Friday, February 15, 2013

don’t ever give up on ’em

CBC: - “...It hurts,” he told the crowd gathered at Fraserview Hall. “It don't make no difference how old or what grade you in when people laugh at you.” Holyfield, speaking at a fundraiser for the Amanda Todd Legacy Fund, says he was laughed at as a child because he couldn't read. “They started laughing at me in kindergarten,” he said. “It is amazing in kindergarten when they say you don't know your alphabet and you sitting then there seeing people the same age and everybody laugh and the teacher don't stop them.” Amanda Todd's mother Carol said Holyfield’s involvement is a huge help to the cause. “It was like, ‘Wow. This is big news having someone like him wanting to be attached to the [Amanda Todd] Legacy Fund,’” she said..." - CBC News, Evander Holyfield fights bullying at Amanda Todd fundraiser, Jan 29 2013 (READ MORE)

Vancouver Sun: - "...Like many of his generation, Holyfield lamented the fact that today’s kids “are putting things on (Facebook and other online forums) and doing it to themselves, putting your whole business on a website. “Who in the world wants to put your business on the website when it’s going to be on there forever? Somebody can be reminding you of everything you do wrong. People don’t understand what they doing to themselves by all this publicity.” Holyfield has 11 kids of his own by six different women. Several of them, he put into private school, he says, to make sure they got every opportunity to succeed. Some of them jumped off the right path, he admits, “but they got back on. I don’t ever give up on ’em..." - Gary Kingston, Evander Holyfield hopes to help knock out bullying, Vancouver Sun, Jan 26 2013 (READ MORE)

The Province: - "...Well the Amanda Todd organization I will be going down and speaking on their behalf. I’ve realized the discipline you have as a fighter, you go in the ring, and everything ain’t always well, some days you don’t feel good. You have to show up, you have to stand up. It’s pretty much your confidence that allows you show up all the time, speak up when things are not right, you open your mouth and speak. I think the same thing goes for the bullying program. I spoke with a lot of people about it. I said, everybody is vulnerable, a lot of times with bullying, a lot of people look at it a little different. My mother taught me at a young age don’t be afraid, you cannot worry about what people say about you, do what you have to do. We have to talk to parents; it’s our responsibility to equip our children for what life is really about. When I was a kid and they talked about bullying I thought, wow, I thought bullying was when you were picking on someone and that person gets scared, that’s a part of bullying. I didn’t know the bullying they were talking about mean people saying things. In the neighborhood that I lived in, it’ one of those things where people call you nicknames, people came up and called you names. If you didn’t have thick skin, you would have a tough time. Parents need to prepare their kids. We as parents have to say, we live in a society where people feel that the freedom of speech is to embarrass you. I saw the other day, I was surprised, but President Clinton said he was bullied. I thought, people jumped on him? No, he was fat. He spoke about it. The thing with Tyson I realized, you can talk about it all you want, but you have to stand up, and that comes from your parents. Nobody chooses their parents, but learning this comes from your parents. It’s the parents’ job to make that effort..." - Lev Jackson, A conversation with Evander Holyfield, The Province, Jan 27 2013 (READ MORE)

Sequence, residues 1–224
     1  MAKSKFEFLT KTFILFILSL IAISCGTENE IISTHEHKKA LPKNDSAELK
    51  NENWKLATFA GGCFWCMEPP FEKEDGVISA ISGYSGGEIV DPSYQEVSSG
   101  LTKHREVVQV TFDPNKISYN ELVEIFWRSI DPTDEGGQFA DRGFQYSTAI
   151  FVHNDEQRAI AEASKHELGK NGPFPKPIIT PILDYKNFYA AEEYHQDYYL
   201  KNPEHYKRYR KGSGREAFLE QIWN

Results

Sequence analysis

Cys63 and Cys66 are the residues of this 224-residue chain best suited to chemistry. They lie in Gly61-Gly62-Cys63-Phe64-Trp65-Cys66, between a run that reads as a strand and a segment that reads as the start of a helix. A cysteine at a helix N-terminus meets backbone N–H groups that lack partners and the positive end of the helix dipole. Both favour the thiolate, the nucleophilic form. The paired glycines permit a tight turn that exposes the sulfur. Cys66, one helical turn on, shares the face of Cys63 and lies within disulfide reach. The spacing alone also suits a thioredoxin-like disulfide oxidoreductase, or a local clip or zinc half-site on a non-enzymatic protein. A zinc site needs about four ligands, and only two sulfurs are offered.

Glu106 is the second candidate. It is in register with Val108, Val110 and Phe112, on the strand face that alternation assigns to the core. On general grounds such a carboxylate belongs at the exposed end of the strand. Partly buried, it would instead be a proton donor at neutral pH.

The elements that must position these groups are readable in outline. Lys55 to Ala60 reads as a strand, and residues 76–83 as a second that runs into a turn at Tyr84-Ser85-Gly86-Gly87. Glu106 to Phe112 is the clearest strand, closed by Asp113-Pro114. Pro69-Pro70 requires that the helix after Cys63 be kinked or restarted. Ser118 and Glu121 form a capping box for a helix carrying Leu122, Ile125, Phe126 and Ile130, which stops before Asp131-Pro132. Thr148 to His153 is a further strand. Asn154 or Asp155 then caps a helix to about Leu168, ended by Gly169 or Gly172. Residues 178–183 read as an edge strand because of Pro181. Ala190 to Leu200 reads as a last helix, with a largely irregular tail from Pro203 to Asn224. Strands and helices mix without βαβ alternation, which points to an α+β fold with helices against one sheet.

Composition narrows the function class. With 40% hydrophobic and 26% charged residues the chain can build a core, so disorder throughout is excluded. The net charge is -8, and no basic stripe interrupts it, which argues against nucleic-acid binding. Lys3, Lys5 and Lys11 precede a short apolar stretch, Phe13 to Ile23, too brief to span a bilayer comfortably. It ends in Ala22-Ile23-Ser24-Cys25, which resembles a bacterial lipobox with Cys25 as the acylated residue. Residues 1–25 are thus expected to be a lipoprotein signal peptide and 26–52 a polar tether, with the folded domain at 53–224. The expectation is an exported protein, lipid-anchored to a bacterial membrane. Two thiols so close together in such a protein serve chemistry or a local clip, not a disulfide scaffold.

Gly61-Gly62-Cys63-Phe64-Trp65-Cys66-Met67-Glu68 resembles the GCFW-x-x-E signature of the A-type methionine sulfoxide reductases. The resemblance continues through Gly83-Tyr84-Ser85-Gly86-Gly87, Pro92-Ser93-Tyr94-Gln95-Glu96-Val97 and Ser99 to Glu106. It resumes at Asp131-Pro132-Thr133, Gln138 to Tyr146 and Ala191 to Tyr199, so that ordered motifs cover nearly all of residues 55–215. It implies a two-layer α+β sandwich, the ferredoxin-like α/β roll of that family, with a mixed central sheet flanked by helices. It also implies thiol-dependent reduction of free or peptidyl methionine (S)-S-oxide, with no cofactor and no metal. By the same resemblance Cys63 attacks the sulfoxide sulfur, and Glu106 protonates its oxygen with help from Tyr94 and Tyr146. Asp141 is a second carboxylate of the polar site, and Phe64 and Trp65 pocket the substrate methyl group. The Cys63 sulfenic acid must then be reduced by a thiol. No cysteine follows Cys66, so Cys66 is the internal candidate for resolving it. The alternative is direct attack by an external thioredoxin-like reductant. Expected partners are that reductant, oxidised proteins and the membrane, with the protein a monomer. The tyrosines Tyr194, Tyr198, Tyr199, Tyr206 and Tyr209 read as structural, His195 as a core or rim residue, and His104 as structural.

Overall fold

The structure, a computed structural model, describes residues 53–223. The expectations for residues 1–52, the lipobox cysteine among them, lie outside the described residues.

Arbitrage: - "...Amanda Todd, a grade ten student from British Columbia, broke the hearts of Canadians when she committed suicide on October 10, 2012. Like many teenagers, she made a mistake due to a lapse in judgement and paid for her mistake as the result of bullying..." - Chantelle (Tilly) Wark, Bullying - The Amanda Todd Case, Arbitrage, Dec 24 2012 (READ MORE)

Evander Holyfield (born October 19, 1962) is an American professional boxer. He is a former Undisputed World Champion in both the cruiserweight and heavyweight divisions, earning him the nickname "The Real Deal." After winning the bronze medal in the Light Heavyweight division at the 1984 Summer Olympics, he debuted as a professional at the age of 21. - Wikipedia (READ MORE)

Friday, February 8, 2013

Lance Armstrong: “Yeah, I was a bully...”